What is the best diet?

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There are 1001 methods to lose weight. But which one is the best?

The simple answer: the best diet is the one you can follow best. So you choose the diet that feels easiest for you .


The essence of a fat loss diet is that you create a calorie deficit. There is a long list of scientific studies that show that a calorie deficit leads to fat loss. And as far as we know, there are exactly zero studies showing the opposite.

Mind you, a calorie deficit does not always lead to weight loss: there’s body recomposition and there are medical conditions where this happens, but you lose fat anyway. Are you not losing fat? Then you obviously don’t have a calorie deficit. You may have overestimated your maintenancce level.

The primary way to create a calorie deficit is to eat less. You can supplement this with some more exercise (cardio).


As a natural bodybuilder you have a bit more on your mind than just losing fat: you have to maintain your hard-earned muscle mass at the same time. We also call it cutting: losing fat while retaining muscle mass, so that you get more muscle definition. This as opposed to bulking, where you use a (small) calorie surplus to build muscle mass.

When cutting, you have to deal with some extra restrictions in your diet compared to ‘normal’ weight loss.


For example, you should also continue to do strength training during the cut, with roughly two thirds of the training volume that you used in bulk.

Prioritize your strength training; don’t do excessive cardio.


In addition, your diet must meet some additional conditions.

Relatively slow weight loss is good for muscle maintenance  Therefore ensure a medium energy deficit: 20-25% of your maintenance level, as we argue in another article.


You should also keep your protein intake high, so around 2 grams of protein per kilogram of body weight per day. This way you keep muscle protein synthesis high in order to prevent muscle breakdown as a result of a calorie deficit.


And what about carbohydrates versus fats? As a bodybuilder, should you go high-carb or low-fat ? Scientists are not yet in agreement on this. Coach and author Mike Israetel mentions the importance of carbohydrates for muscle growth, but his colleague Menno Henselmans contributed to a voluminous meta-analysis that shows that the amount of carbohydrates and fats does not matter much for fat loss.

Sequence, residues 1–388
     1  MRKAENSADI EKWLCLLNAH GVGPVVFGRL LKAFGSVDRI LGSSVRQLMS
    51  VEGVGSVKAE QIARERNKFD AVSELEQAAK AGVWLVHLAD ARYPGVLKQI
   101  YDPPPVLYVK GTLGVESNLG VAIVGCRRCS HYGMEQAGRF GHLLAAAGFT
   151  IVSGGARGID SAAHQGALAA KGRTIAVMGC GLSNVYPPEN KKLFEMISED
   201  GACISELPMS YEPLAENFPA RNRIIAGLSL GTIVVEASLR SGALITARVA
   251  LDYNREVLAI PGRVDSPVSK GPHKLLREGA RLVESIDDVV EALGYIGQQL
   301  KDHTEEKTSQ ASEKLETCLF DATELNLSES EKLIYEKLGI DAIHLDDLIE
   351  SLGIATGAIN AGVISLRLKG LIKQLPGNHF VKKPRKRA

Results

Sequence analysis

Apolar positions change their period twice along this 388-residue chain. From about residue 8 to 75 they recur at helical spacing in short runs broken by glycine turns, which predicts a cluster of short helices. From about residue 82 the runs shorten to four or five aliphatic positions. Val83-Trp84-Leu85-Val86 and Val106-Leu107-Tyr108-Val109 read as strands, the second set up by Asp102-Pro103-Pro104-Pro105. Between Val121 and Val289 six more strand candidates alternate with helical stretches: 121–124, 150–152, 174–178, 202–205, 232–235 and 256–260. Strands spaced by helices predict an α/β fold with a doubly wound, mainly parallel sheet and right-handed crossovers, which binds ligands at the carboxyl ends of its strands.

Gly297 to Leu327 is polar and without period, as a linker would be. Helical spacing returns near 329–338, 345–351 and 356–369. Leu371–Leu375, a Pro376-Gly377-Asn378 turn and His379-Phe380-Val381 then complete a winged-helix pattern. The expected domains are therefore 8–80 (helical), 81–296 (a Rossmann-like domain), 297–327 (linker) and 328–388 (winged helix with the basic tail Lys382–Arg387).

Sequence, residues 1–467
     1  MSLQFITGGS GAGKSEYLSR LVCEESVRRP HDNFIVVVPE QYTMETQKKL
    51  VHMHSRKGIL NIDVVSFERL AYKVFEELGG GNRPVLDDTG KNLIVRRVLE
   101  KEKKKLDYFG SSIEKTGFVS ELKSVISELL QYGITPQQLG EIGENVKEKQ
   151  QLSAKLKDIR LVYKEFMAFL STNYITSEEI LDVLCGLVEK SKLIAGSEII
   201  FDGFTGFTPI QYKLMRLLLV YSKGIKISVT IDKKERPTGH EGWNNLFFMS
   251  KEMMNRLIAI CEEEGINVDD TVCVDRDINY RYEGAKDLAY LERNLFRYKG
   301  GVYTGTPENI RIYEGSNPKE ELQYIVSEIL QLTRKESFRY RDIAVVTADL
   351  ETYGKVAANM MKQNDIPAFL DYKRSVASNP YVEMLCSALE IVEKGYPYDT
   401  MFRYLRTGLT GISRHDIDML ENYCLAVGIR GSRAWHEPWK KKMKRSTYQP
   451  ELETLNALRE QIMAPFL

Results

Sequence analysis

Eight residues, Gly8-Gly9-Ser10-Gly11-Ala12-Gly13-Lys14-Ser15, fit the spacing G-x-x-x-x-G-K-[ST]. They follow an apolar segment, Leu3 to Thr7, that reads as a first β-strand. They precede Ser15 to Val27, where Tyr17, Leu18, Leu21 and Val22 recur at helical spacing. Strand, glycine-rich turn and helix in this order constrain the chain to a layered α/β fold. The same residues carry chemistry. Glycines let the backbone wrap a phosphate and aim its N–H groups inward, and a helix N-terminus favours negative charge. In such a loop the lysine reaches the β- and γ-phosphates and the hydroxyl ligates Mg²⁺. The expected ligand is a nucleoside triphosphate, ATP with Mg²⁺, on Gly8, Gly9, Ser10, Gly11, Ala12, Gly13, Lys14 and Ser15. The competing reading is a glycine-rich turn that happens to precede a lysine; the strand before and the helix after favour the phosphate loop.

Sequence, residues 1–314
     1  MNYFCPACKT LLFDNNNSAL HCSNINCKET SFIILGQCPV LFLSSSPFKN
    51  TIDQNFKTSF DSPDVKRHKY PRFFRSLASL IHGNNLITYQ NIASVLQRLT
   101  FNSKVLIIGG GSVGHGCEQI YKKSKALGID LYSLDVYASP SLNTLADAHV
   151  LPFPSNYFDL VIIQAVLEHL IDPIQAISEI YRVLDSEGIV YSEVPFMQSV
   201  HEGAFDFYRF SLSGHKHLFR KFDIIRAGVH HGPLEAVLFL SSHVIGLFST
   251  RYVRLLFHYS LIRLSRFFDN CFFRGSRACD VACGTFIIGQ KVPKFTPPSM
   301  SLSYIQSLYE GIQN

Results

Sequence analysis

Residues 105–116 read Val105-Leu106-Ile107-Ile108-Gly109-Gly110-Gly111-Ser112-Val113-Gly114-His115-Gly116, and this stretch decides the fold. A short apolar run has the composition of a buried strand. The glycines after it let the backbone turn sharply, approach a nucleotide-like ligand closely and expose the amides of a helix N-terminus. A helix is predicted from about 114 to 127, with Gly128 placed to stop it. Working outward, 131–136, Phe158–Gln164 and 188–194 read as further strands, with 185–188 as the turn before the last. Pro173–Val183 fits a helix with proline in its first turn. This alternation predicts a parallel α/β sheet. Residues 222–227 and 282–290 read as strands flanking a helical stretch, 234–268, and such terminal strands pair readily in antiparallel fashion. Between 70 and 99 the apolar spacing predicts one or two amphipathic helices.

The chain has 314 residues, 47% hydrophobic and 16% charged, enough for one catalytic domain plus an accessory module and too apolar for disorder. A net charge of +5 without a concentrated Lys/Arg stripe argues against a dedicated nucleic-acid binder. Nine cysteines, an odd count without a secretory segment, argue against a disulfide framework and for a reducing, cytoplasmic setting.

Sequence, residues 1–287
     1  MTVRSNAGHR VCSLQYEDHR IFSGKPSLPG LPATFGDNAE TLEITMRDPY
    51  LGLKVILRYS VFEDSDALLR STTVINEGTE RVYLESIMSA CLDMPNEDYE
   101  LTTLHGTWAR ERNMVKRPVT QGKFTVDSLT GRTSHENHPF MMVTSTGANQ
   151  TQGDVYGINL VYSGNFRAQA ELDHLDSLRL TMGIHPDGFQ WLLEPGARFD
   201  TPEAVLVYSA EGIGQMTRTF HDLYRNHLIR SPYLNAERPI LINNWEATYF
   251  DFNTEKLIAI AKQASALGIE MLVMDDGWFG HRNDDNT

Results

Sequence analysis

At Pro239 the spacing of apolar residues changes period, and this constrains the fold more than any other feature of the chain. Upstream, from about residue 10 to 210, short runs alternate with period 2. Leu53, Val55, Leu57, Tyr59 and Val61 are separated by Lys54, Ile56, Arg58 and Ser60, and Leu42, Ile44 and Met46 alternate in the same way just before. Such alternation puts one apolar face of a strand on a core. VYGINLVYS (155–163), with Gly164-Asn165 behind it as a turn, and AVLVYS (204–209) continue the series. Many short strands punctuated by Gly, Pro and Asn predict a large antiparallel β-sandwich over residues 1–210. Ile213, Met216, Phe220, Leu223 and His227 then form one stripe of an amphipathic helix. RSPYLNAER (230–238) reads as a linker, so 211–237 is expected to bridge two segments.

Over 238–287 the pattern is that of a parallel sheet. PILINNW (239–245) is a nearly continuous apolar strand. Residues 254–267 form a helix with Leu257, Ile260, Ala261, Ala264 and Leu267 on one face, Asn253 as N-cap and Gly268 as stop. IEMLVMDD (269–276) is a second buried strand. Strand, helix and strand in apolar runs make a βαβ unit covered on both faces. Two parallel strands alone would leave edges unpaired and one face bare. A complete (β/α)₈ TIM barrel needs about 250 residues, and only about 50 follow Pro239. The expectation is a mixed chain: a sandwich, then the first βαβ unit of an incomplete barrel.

Our preference is for high-carb, where we use a minimum of 0.7 g of fat per kilogram per day. But again, it probably won’t hurt if you go a little higher in the fats, so it’s a matter of preference.


Also the amount of meals and the distribution thereof is mainly a matter of preference. Research does show that it is best to spread your proteins over three to six meals, with 20-40 grams of protein in each meal. Ideally, you place your training between two meals, so that you are assured of sufficient protein in the first hours of the anabolic window.

Intermittent fasting does nothing miraculous for your health, nor for muscle growth/maintenance, but if it fits into your lifestyle, it can be a useful way to create a calorie deficit. So again a matter of preference.


Losing weight is basically about the numbers, especially the amount of calorie deficit and amount of protein. In principle, what you eat doesn’t matter, as long as you stick to those numbers with a calorie app.

However, there are arguments in favor of mainly choosing healthy food (that is, unprocessed food) with a high degree of saturation. But here again personal preference applies, as well as for specific diets, such as plant-based food, and whether or not to include cheat meals.


Dieting (cutting) can be done in many ways and it is best to choose a diet that is easy for you to maintain in the longer term. And what is easy for you may not be for someone else.

However, as a bodybuilder you have to take into account a few guidelines that are important for muscle maintenance:

  • do sufficient strength training (~2/3 of your bulk volume);
  • create a moderate calorie deficit (20-25%), especially through a calorie-restricted diet, not too much cardio;
  • eat enough protein (~2 g/kg/d);
  • spread proteins over at least 3 meals.

The other possible restrictions are mainly up to personal preference.


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